She told The Zimbabwean that they had not yet set a timeline for the production of a new voters’ roll to be used in the 2018 general elections, but hoped that would happen “soon”.
“So far, we have seen it prudent to use some data from the old roll as a basis of the new voters’ register. However, we may change strategies as we move,” said Makarau.
Despite the decision to use the old roll, she acknowledged that they had not deployed experts to analyse the register, which has been blamed for widespread errors and anomalies in the past.
Political parties and election watchdogs insist that the old roll was stuffed with ghost voters and others who had not registered or had relocated to other countries in the last three decades.
They say the roll is also blighted by duplications of voters while a substantial portion of the electorate is missing. The opposition and critics of President Robert Mugabe’s Zanu (PF) government have been calling for a complete overhaul of the old roll.
They fear that depending on it to generate a new one might result in some anomalies being retained. The opposition went to the 2013 general elections without the electronic version of the roll that they argued would be easier to use in auditing voters and identifying shortcomings.
Makarau acknowledged that they had established some weaknesses in the old roll when they did a pilot voter registration exercise for two constituencies—Chirumanzu-Zibagwe and Mount Darwin West.The two seats fell vacant when Joice Mujuru and Emmerson Mnangagwa became vice presidents.
Mujuru, who held the Mount Darwin seat, was retained as vice president in the 2013 elections after attaining that post in 2004, but she was removed from the Zanu (PF) congress last year. Mnangagwa had to vacate the Chirumanzu-Zibagwe seat when he replaced Mujuru, his succession rival, last year. There will be by-elections in both constituencies at the end of this month.
Makarau said they had “learnt a few lessons” from the pilot project, chief among them the need to increase voter education campaigns during the registration exercise.
Observers complained that there was insufficient voter education during the pilot project that was completed last month. Makarau said the voter registration pilot project would be extended to Wedza North, but did not explain why they had chosen that constituency.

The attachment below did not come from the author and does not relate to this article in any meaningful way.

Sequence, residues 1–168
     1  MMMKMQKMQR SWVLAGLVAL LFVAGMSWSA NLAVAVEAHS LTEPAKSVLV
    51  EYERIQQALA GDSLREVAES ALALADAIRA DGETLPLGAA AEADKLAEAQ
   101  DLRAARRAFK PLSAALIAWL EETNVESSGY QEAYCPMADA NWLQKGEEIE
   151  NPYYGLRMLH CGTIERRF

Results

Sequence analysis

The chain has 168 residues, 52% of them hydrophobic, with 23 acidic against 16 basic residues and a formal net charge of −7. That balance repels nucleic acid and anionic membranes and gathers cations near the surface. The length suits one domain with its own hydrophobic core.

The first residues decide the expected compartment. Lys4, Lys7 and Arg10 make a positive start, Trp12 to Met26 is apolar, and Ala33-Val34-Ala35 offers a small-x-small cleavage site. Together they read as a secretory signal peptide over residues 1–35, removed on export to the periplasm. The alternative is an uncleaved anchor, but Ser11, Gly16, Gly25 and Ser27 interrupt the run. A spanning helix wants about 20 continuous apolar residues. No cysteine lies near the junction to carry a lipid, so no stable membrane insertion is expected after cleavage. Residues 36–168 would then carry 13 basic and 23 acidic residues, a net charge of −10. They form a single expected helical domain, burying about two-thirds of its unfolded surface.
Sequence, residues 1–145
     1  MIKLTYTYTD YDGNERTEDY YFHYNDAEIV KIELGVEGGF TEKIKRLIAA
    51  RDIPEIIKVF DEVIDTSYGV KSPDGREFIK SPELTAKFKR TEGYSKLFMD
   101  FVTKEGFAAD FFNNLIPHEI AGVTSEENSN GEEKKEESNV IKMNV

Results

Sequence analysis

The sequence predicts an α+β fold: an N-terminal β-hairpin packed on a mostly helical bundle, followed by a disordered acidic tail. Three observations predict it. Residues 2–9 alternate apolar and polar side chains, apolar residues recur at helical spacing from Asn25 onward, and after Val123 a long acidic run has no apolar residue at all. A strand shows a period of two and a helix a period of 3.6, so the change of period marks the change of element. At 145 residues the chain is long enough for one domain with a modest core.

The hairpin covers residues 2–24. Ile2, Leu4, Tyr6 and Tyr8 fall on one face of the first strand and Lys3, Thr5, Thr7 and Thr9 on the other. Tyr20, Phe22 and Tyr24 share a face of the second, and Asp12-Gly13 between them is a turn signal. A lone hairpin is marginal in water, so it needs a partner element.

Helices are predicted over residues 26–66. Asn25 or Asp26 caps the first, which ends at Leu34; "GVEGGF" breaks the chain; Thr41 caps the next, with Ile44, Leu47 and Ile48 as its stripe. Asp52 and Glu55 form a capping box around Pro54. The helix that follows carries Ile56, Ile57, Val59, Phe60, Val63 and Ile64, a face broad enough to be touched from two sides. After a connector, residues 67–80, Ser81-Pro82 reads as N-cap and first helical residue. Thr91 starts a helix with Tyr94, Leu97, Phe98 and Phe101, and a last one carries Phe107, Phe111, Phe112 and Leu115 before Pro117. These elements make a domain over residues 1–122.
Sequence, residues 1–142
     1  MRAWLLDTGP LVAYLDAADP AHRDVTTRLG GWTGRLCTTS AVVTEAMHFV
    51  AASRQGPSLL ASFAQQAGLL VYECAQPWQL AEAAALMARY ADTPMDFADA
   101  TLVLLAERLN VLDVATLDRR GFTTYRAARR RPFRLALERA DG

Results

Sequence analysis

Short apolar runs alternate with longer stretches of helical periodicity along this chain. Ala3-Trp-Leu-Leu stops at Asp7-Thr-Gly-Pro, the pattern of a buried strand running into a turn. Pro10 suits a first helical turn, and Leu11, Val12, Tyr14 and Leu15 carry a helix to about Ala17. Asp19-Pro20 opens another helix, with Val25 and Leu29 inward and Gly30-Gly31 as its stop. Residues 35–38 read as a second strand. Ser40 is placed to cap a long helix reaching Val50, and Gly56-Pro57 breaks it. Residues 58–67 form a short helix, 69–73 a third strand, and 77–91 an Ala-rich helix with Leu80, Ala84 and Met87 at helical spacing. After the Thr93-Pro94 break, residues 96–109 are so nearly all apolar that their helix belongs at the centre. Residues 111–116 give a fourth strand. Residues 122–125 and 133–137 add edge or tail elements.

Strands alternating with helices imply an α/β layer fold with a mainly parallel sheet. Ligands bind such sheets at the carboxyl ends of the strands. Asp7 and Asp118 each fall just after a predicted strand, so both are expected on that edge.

Meanwhile, a diaspora group of academics and political and economic analysts, the Zimbabwe Social Democrats, has called for urgent electoral reform. “The root cause of Zimbabwe’s economic and political problems is the country’s failure to hold free, fair and democratic elections. Accordingly nothing of any substance or meaning can ever be achieved until we address this fundamental problem.
“The right of every Zimbabwean to a free, fair and meaningful vote is not a privilege but a birth right and we want this right restored to all Zimbabweans without further delay,” stated the group in a statement.
Meaningful reform could only be attained through the implementation of all democratic reforms agreed in 2008 through the Global Political Agreement, which paved the way for the 2009-2013 Government of National Unity (GNU), it said.
It suggested that a national body must be appointed and tasked to implement all the GPA reforms as a matter of urgency. “We will also support all peaceful demonstration and protests demanding the full restitution of every Zimbabwean’s basic and democratic right to a meaningful say in the governance of the country. We stand united as one in our demand for a free and fair vote for all Zimbabweans and in our vision that this is the only way out of the economic and political hell Zimbabwe now finds itself in,” said the forum.Post published in: Human Rights